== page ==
- Research article
- Open Access
- Open Peer Review
Classification of ginseng berry (Panax ginseng C.A. MEYER) extract using 1H NMR spectroscopy and its inhibition of lipid accumulation in 3 T3-L1 cells
© Yang et al.; licensee BioMed Central Ltd. 2014
- Received: 25 August 2014
- Accepted: 13 November 2014
- Published: 24 November 2014
Panax ginseng is a famous traditional medicine in Korea for its beneficial effect on obesity, cardiac and liver associated diseases. The aim of this study was to investigate the metabolite in Panax ginseng (P. ginseng, Aralicaceae) berries depending on the ripen stages and evaluate its potential inhibition on adipocyte differentiation in 3 T3-L1 cells.
Different ripening stage samples of P. ginseng berry were analyzed through global metabolite profiling by NMR spectroscopy. Lipid accumulation in the cells was analyzed by Oil Red O staining.
The PLS-DA clearly distinguished P. ginseng berry extract (PGBE) according to the partial ripe (PR), ripe(R) and fully ripe (FR) stage. Lipid accumulation of PGBE was examined by measuring triglyceride content and Oil-Red O staining. These results suggested that the FR stage of PGBE decrease in lipid accumulation during adipocyte differentiation and the amount of threonine, asparagine, fumarate, tyraine, tyrosine, and phenylalanine increased with longer ripening of ginseng berries.
Metabolite profiling of P. ginseng was identified by 1H NMR spectra. P. ginseng extract efficiently inhibits adipogenesis in 3 T3-L1 adipocytes concluded that the P. ginseng has the antiobesity properties.
- Panax ginseng berry
- Metabolite profiling
Obesity is a risk factor for major metabolic disease including type 2 diabetes, atherosclerosis, hyperlipidemia and hypertension and multifactorial syndrome in human [1, 2]. It is an abnormal condition in which the lipids are accumulated in adipose tissues and various kinds of adipokine . Panax ginseng is a perennial plant that has been used as a tonic and for the treatment of various diseases [4–8]. P. ginseng root is normally harvested between the fourth and sixth year of growth. The multiple active constituents such as ginsenosides, polysaccharides, peptides, polyacetylenic alcohols and fatty acids are identified in the P. ginseng root . On the other hand, P. ginseng berry easily be harvested several times after the third year of growth . Quan et al.  reported that ginsenoside Re (groups, namely protopanaxatriol-type saponin from ginseng) lowers blood glucose and lipid in high-fat diet fed mice. However, effects on adipocyte differentiation in 3 T3-L1 cells on PGBE have not yet been reported. The chemical composition and biological activities of the P. ginseng berry may differ according to the maturation stage. We have looked for lipid accumulation in adipocyte inhibitory plants using PGBE as an in vitro assay system. During the course of screening, the water extract of P. ginseng berry was significantly inhibited this activity. The metabolic profiling can be useful for quantifying a group of related compounds. There are few previous studies about profiling metabolic compounds of ginseng by using NMR [12, 13]. However, no study reported in differences of the metabolic compounds among different maturation stages in ginseng fruits. The aim of this study was to classify the ginseng berry (Panax ginseng) extract using 1H NMR spectroscopy and evaluates its inhibition of lipid accumulation in 3 T3-L1 cells.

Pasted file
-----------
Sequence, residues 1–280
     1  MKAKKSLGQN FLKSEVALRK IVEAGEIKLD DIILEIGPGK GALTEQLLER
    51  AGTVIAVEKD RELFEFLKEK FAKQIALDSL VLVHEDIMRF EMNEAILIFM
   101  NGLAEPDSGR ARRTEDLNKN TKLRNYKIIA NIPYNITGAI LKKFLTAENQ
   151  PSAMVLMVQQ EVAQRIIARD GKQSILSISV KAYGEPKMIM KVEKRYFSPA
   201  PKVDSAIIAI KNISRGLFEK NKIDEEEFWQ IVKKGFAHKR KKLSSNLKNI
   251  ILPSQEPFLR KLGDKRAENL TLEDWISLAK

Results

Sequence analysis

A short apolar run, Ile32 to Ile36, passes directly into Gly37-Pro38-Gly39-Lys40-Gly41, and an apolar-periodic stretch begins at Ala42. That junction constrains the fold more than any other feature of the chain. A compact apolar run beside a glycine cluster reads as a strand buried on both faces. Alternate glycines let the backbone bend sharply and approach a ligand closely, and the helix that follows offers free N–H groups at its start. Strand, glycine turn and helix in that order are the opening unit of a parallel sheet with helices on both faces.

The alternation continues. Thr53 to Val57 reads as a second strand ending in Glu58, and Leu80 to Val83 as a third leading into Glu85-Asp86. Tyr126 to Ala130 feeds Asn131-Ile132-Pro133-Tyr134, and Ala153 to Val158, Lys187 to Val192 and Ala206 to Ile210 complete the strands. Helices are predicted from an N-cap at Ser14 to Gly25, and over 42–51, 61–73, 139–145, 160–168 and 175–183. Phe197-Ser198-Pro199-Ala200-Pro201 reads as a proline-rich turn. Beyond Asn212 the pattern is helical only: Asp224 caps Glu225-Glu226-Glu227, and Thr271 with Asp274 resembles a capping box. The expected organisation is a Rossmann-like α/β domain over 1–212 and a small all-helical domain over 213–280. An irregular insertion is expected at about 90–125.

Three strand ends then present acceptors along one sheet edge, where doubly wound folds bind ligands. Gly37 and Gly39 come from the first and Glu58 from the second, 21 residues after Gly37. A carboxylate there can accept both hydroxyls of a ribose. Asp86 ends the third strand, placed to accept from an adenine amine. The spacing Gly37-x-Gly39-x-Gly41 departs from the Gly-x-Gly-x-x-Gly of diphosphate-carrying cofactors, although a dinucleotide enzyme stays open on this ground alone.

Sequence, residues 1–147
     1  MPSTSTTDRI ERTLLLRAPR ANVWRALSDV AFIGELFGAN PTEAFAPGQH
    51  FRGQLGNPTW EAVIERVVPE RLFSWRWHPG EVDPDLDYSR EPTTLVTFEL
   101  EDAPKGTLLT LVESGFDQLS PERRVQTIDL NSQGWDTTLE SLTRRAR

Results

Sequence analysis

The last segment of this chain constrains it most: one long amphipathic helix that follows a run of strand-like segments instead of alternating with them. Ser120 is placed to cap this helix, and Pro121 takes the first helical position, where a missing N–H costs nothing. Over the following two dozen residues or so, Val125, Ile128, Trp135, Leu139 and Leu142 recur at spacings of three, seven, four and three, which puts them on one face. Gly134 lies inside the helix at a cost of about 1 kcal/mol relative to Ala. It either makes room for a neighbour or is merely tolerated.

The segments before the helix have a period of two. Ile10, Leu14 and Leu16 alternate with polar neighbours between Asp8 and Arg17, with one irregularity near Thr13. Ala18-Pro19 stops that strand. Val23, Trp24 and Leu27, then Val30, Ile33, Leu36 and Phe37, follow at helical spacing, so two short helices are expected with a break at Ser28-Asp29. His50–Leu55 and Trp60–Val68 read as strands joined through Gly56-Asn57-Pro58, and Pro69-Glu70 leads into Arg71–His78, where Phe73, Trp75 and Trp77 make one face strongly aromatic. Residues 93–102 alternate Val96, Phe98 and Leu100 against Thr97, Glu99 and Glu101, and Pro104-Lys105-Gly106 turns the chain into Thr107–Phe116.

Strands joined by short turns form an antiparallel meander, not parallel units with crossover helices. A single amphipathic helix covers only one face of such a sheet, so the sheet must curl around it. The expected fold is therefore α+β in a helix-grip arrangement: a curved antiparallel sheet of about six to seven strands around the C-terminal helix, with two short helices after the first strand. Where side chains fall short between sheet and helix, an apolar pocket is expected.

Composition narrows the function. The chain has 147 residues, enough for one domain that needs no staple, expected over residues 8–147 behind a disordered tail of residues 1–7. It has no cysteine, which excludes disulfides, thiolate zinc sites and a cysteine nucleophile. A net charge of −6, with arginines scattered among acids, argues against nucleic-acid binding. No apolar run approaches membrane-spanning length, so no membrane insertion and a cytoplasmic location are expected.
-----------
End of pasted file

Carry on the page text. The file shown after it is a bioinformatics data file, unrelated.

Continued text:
Three steps berries of five year-old P. ginseng were obtained from a local farm in Eumseong province (GPS N 36° 56’ 34”, E 127° 45’ 14”), Republic of Korea. The collected plants were identified by the botanist in Ginseng Research Institiute, Daegu, South Korea. The collected samples were stored in the Medicinal Crop Research Institute, NIHHS, RDA, with voucher number MCRI-241. Three periods were June 8th, 2012 (12ea), June 18th, 2012 (10ea), and July 16th, 2012 (8ea), respectively. The collected P. ginsengs were classified into three major categories according to their stage of maturation: ripe (R), and fully ripe (FR). The PGBE was freeze-dried and then stored at -70°C before analysis. Voucher specimens were deposited at the Department of Medicinal Crop Research, Rural Development Administration in Republic of Korea (RDAPGBE 201201–201230).
Sample preparation for 1H NMR
PGBE were extracted by adding 1 mL of 100% D2O to 30 mg of powdered P. ginseng berries in a micro tube, vortexed for 1 min, and sonicated for 5 min. The materials were then centrifuged at 14000 × rpm for 10 min. KH2PO4 was added as a buffering agent to 100 mL of D2O containing 0.05% 3-(trimethylsilyl)-propionic-2,2,3,3-d4 acid, sodium salt (TSP) as an internal standard for D2O. The pH of the D2O used for NMR measurements was adjusted to 6.0 by careful addition of 1 N NaOD and then transferred to a 5 mm NMR tube.
Data reduction and processing
MestReNova (version 6.0.4) was used to obtain the NMR spectra, which were all automatically binning using Chenomx (version 5.1) software. The spectral 1H NMR region from δ = 0.56 to δ = 10.00 was segmented into regions with widths of 0.04 ppm, giving 232 integrated regions in each NMR spectrum.